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Organic Consumers Association

Push for GMO Labeling Is Growing on Beacon Hill

For related articles and more information, please visit OCA's Genetic Engineering page, Millions Against Monsanto page and our Massachusetts News page.

A significant push for a bill that would require food manufacturers to label goods containing genetically modified organisms (GMOs) has started to sprout on Beacon Hill.

During a press conference on Wednesday afternoon, members of the organization MA Right to Know, which advocates for forcing food makers to let customers know what exactly an edible product is made of, said a piece of legislation introduced to lawmakers last year now has the backing of both House and Senate members.  In total, 140 legislators have signed on in support.

"We are extremely lucky to have so many incredible legislators supporting this effort here in Massachusetts," said Martin Dagoberto, campaign coordinator for MA Right to Know GMOs coalition. "The level of support from both the House and Senate, as well as from residents from across the state speaks to the momentum behind passing a GMO labeling bill this session."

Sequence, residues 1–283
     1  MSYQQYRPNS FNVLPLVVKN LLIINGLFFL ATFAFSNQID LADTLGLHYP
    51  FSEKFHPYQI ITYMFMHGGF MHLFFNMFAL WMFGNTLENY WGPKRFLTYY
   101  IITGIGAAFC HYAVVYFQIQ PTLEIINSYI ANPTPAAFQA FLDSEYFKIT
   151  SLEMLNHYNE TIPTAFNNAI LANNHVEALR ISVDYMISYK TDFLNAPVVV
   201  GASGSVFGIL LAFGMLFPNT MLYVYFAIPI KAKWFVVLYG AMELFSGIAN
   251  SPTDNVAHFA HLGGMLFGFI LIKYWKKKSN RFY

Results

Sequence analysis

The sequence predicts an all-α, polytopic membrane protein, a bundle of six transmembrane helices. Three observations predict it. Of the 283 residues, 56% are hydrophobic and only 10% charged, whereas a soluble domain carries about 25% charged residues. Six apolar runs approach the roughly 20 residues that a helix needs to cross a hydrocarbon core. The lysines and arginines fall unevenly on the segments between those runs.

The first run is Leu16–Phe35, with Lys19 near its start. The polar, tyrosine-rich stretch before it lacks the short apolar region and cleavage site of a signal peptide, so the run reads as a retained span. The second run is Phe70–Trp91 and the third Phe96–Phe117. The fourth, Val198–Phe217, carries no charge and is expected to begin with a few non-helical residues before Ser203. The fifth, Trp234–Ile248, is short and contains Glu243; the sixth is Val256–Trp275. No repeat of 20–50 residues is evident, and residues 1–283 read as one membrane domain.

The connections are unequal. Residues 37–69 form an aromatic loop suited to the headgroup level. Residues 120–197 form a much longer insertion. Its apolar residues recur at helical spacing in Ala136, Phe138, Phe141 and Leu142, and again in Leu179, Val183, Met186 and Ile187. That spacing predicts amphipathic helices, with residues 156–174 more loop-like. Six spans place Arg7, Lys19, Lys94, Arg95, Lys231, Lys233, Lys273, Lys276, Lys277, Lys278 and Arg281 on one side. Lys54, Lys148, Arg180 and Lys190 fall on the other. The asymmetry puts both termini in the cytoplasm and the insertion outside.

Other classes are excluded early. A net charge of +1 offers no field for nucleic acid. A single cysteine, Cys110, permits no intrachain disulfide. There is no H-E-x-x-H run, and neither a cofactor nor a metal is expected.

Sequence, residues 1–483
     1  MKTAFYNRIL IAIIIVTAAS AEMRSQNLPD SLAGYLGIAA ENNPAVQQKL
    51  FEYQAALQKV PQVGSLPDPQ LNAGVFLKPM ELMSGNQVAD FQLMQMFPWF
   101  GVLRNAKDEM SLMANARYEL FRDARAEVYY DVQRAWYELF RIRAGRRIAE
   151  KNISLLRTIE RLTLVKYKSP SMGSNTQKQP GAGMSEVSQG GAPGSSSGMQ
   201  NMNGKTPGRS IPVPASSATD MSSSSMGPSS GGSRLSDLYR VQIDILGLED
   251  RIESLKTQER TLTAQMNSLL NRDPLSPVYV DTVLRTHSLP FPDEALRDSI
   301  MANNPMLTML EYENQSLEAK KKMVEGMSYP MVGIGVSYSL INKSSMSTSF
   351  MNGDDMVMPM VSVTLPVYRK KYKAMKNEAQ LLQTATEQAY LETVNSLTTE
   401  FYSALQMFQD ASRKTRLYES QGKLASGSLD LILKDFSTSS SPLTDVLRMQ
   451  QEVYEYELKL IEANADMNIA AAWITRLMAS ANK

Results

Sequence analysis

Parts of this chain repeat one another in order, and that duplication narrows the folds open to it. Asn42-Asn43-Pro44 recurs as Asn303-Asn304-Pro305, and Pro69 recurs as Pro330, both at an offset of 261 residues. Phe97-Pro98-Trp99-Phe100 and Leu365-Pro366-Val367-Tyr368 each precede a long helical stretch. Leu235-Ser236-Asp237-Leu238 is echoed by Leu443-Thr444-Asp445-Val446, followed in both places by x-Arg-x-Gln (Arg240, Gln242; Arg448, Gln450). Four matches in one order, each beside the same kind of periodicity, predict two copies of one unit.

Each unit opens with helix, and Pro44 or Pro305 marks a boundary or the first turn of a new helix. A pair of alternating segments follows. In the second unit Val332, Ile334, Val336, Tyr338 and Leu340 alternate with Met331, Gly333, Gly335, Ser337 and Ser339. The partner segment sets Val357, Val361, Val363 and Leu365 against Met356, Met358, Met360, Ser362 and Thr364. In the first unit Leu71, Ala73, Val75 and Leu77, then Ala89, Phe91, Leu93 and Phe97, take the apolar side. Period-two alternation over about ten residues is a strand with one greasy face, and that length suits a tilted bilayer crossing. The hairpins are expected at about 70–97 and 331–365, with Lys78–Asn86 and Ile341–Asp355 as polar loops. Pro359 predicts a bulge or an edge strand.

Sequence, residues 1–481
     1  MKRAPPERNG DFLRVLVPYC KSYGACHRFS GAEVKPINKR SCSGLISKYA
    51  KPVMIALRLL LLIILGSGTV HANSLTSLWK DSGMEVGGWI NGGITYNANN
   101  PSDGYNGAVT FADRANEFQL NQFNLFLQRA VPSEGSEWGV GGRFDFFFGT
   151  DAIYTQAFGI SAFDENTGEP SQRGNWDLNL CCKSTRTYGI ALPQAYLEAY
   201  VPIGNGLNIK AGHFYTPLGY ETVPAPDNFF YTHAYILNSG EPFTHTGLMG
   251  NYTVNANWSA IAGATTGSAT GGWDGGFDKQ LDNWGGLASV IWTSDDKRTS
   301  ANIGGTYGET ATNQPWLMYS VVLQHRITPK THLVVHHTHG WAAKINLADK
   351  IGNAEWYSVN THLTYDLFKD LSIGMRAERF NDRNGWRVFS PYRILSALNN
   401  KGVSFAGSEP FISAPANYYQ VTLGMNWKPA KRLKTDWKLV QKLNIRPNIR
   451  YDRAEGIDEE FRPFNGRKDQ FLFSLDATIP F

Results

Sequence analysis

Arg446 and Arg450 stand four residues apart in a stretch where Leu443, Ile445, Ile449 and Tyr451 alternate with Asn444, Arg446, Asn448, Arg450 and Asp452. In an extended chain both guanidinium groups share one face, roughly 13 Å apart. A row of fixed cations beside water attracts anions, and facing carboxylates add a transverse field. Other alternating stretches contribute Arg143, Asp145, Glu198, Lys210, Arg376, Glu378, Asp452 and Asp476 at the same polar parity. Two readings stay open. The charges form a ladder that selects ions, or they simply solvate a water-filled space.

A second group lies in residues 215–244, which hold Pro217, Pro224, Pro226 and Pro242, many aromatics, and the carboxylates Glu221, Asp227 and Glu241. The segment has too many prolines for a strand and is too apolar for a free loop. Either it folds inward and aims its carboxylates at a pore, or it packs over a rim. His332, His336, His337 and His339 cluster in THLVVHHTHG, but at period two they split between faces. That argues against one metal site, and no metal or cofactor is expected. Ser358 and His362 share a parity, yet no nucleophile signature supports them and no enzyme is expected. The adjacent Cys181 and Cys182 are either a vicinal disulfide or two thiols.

In March, the Joint Committee on Environment, Natural Resources and Agriculture voted out the bill, called "an act relative to seed labeling," favorably. Two months later, the Committee on Health Care Financing also approved of the legislation, and passed it on to the House Committee on Ways and Means.

According to the language in the bill, if passed into law, any food sold in stores that was made using GMOs, or influenced during the growing process by methods not possible under natural conditions, would have to bear clear labels on their packaging letting consumers know what ingredients they contain. The bill does not impact food served at restaurants, or at farmer's stands. "This is a reasonable request about a basic right we should have: knowing what is in the food we eat," said Representative Ellen Story, D-Amherst, who is in favor of the bill passing. "The broad support we see across both parties, from our most conservative members, to moderates, to progressives, shows that this bill will not be controversial. This is something we all want to accomplish."    


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